•Were you given a platform to ask questions?
•Did they seem knowledgeable?
•Did you feel like more than a number? I always say if your doctors office is trying to rush the appointment, they might wrong doctor. Don't get me wrong, we know they are busy too but if they are knowledgeable, kind and you can leave with information and instructions on getting better, the appointment will feel more productive.
•After you find a qualified doctor, who can treat you with Buprenorphine, write down your questions prior to your appointment. Many of us tend to want to just get in and out of our appointments to get on with our busy lives, but having a list of questions will help you remember them and prioritize getting the answers. Here are a few questions that you can consider:
"What is Buprenorphine?"
"How does Buprenorphine work?"
"How long do I have to take Buprenorphine"?
"Is Buprenorphine safe around my kids/pets?"
"Where can I find a great counselor?" "How much does treatment cost?"
Having this information will help you to construct a realistic plan and move towards recovery.
•Attend all doctor’s appointments, check-ups and exams, even when everything feels normal. By law, you are required to see your Buprenorphine prescriber every 30 days. This may seem like alot but this will significantly open the lines of communication and ensure that your doctor understands your issues. When taking Buprenorphine, it's easy for patients to believe that the only thing that they need to do is take medication because it may be the first time they've felt "normal" in years. Realistically, after physical symptoms are stabilized with Buprenorphine, this is when the "true work" can begin in therapy with a skilled counselor or therapist. It's important to address the clinical issues that led the patient to drug use in the first place.
•Take advantage of your health care staff including your physician, your nurse, your medical assistant, your counselor, your pharmacist etc. They work for you, don't forget this. They are there to support you through your diagnosis and treatment. They can serve as instrumental partners in helping you to understand your treatment, Buprenorphine, other medications, even pointing you in the direction of community resources you may require for additional support.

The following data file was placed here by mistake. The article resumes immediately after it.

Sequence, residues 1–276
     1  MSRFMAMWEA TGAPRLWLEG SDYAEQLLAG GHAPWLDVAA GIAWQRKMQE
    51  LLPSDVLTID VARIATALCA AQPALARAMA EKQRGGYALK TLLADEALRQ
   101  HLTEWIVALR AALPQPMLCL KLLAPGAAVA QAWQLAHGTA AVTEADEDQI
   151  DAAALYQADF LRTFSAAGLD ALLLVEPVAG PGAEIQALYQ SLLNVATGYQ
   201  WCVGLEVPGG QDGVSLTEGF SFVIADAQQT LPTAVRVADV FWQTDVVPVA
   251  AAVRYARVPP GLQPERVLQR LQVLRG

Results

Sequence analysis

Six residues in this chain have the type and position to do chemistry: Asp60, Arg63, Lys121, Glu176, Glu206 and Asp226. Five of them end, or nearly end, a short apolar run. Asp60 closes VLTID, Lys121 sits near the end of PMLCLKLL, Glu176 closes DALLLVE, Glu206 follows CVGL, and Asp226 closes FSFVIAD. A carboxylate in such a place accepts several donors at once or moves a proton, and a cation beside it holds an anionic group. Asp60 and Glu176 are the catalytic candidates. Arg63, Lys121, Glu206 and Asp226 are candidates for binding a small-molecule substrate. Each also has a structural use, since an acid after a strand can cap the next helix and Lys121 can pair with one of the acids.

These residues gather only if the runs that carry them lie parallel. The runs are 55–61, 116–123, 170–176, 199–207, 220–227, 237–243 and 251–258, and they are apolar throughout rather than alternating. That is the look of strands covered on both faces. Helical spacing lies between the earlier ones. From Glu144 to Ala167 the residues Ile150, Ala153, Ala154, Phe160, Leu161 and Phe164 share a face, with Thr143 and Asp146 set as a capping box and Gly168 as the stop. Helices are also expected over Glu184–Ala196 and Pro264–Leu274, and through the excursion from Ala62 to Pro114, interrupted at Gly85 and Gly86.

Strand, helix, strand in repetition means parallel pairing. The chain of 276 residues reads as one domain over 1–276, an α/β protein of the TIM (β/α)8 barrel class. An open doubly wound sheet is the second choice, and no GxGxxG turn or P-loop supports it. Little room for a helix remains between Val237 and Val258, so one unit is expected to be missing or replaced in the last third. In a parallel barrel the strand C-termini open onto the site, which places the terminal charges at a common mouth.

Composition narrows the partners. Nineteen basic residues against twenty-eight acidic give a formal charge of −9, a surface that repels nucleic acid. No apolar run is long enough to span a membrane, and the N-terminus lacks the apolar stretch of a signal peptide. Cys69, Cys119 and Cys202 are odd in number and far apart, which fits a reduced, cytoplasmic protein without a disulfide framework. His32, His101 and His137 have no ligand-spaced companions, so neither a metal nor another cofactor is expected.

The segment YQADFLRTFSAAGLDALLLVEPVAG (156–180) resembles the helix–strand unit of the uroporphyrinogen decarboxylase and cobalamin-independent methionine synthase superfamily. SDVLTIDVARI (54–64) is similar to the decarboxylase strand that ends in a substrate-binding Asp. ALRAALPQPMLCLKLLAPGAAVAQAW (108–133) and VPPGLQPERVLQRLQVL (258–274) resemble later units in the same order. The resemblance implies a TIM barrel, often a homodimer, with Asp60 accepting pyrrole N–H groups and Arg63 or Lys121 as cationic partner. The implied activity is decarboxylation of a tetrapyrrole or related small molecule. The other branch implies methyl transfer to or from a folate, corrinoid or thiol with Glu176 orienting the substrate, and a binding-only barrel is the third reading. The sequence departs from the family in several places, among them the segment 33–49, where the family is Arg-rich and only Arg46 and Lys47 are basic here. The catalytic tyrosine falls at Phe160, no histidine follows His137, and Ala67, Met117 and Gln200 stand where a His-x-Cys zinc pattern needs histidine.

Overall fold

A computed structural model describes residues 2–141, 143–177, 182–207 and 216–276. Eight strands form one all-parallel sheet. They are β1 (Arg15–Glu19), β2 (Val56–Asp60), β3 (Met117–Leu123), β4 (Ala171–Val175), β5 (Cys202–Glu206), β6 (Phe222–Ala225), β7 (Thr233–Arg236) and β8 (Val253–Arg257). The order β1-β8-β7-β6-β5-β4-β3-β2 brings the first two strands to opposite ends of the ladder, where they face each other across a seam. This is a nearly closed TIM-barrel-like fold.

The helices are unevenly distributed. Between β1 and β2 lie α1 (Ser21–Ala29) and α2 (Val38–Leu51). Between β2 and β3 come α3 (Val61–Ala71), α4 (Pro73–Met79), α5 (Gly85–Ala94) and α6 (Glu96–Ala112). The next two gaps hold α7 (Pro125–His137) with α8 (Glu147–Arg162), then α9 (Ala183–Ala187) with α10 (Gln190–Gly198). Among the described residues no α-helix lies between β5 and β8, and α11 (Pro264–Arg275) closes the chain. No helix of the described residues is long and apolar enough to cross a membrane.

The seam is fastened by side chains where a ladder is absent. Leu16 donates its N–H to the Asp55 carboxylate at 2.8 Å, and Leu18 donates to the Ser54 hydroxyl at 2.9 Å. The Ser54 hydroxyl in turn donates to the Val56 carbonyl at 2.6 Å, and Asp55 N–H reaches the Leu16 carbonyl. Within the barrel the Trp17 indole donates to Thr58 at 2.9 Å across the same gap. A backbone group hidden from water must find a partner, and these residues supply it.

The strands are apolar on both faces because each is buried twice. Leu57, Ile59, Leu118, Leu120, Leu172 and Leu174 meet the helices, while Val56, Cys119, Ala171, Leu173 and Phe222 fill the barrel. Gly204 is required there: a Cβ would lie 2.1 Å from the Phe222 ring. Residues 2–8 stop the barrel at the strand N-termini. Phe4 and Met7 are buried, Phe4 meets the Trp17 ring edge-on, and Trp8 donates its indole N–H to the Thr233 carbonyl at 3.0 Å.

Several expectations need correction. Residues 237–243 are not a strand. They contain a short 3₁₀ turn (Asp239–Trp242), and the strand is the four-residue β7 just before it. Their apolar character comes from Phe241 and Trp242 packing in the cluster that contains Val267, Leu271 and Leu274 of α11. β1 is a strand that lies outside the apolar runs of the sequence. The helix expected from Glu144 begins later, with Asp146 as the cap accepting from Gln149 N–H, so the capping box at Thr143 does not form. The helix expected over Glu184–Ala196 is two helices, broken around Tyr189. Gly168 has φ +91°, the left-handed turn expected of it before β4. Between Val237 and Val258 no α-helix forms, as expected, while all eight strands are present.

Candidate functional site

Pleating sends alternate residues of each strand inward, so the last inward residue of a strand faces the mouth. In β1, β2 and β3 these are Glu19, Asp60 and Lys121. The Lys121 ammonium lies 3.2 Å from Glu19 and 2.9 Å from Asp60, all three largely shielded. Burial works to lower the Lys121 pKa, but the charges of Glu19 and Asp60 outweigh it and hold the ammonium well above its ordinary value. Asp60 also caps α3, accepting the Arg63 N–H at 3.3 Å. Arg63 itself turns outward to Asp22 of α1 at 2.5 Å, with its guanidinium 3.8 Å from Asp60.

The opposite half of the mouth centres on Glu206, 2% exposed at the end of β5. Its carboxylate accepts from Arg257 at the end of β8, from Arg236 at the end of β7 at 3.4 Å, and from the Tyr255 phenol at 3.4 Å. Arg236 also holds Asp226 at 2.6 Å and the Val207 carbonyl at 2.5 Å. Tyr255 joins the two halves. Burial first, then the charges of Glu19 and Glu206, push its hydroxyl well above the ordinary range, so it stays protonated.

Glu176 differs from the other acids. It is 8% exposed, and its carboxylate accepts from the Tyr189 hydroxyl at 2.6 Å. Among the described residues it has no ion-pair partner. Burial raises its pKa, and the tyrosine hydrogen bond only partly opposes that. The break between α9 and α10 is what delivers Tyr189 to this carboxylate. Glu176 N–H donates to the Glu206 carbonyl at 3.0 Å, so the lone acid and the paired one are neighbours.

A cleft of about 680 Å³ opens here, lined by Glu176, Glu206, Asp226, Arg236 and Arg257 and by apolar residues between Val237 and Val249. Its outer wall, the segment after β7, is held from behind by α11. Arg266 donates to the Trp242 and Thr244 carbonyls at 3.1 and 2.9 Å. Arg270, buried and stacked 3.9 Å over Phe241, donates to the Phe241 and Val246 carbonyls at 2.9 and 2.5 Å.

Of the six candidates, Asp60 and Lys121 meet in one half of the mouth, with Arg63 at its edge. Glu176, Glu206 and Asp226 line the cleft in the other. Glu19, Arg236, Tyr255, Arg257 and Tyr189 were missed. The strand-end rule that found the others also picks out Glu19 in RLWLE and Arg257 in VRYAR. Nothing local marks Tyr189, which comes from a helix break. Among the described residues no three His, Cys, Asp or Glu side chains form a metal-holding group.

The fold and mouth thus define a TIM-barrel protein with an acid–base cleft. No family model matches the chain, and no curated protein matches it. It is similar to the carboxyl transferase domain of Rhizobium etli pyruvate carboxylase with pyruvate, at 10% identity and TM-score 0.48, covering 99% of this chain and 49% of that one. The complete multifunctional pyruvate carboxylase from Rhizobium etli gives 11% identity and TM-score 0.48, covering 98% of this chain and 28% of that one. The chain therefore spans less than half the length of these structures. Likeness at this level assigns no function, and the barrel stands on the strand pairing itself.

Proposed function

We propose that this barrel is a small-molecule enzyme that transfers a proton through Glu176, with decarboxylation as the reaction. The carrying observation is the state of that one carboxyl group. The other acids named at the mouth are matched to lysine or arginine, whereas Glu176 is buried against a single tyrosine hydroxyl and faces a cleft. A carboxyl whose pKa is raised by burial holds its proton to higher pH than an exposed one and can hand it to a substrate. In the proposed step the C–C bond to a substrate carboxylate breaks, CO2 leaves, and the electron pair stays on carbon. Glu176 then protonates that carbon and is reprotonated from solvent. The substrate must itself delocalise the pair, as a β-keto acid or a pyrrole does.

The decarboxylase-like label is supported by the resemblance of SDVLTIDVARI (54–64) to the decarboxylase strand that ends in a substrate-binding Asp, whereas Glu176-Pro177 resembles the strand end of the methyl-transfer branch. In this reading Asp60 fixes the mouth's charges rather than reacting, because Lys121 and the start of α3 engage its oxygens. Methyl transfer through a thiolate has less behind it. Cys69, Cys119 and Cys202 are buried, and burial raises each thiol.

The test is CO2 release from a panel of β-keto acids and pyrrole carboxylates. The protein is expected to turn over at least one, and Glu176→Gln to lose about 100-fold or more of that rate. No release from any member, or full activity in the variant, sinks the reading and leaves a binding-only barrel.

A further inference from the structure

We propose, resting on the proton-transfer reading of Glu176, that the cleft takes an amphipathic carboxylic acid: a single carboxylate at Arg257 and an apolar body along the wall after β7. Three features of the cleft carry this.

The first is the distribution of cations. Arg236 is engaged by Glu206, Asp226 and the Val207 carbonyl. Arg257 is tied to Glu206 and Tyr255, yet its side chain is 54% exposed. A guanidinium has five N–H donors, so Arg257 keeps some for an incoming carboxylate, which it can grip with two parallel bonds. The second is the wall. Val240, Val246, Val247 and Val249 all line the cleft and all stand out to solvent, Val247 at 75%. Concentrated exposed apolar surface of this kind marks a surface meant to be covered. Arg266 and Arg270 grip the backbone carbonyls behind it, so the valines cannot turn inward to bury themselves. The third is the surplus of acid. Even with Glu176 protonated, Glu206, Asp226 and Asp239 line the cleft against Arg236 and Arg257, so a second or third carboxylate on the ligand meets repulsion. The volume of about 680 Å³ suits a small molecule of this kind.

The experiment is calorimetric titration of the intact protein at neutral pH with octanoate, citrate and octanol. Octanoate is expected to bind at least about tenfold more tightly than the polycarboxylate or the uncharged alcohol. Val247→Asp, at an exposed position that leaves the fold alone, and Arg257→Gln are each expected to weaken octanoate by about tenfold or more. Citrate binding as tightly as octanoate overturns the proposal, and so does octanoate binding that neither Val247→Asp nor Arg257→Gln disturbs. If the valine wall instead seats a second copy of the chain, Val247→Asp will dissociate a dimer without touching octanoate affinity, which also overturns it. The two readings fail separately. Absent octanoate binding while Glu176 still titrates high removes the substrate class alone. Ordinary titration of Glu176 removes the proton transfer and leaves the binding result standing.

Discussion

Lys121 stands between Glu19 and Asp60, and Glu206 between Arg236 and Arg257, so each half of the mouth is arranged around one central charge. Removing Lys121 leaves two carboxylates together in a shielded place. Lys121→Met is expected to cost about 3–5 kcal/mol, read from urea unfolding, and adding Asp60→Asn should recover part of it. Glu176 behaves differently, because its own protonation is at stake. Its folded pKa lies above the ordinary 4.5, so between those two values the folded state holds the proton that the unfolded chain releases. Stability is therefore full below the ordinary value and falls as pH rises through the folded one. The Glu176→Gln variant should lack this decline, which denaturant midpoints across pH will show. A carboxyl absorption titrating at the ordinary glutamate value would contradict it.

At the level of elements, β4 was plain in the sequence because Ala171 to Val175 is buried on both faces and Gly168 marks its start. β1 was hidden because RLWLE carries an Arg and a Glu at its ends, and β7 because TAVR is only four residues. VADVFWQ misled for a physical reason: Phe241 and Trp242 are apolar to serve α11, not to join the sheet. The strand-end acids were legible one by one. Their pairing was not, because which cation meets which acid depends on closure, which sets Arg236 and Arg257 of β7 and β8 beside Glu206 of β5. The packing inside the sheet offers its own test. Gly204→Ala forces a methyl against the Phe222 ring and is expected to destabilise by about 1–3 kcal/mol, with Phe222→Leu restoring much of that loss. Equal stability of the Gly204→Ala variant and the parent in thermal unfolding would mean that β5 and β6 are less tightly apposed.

•You know YOU better than anyone else. Document or journal how you feel throughout your treatment experience. If you have questions, ask!!. There may be solutions to help you manage thoughts, feelings or side effects you’re experiencing. Taking your health and your Opioid Use Disorder recovery into your own hands can be empowering and rewarding. Above all, be patient with yourself. You may be tempted to join social media groups and read blogs regarding other people's experiences. They may have great insight to share and it's important to understand that everyone’s journey is different. By taking control, speaking up and advocating for your wellness, you too can overcome Opioid Use Disorder.
Jamelia Hand MHS, CADC, CODP is the CEO of Vantage Clinical Consulting LLC. She is also a professor, author, and treatment advocate for Addiction and Recovery issues. She speaks passionately to many family groups, treatment centers and corporate organizations nationwide and is often recruited to deliver Motivational Keynotes, Management and Staff Training on Opioids in the Workplace. Her message always includes that Substance Use Disorder is a family disease and should be treated as such. She was awarded by the IL House of Representatives for her advocacy in Opioid Overdose. For almost 20 years, she has taken great pride in being knowledgeable about resources to support recovery and has enjoyed being able to translate that excitement to anyone who will listen, especially students who are interested in working in the field of Substance Use Disorders. Please feel free to visit www.vantageclinicalconsulting.com for information on services. #MAT #AddictionRecovery #OpioidAddiction #HeroinAddiction #OUD #SUD #Buprenorphine #Suboxone #OpioidAbuse #Opioid #OpioidDr #Zubsolv #Bunavail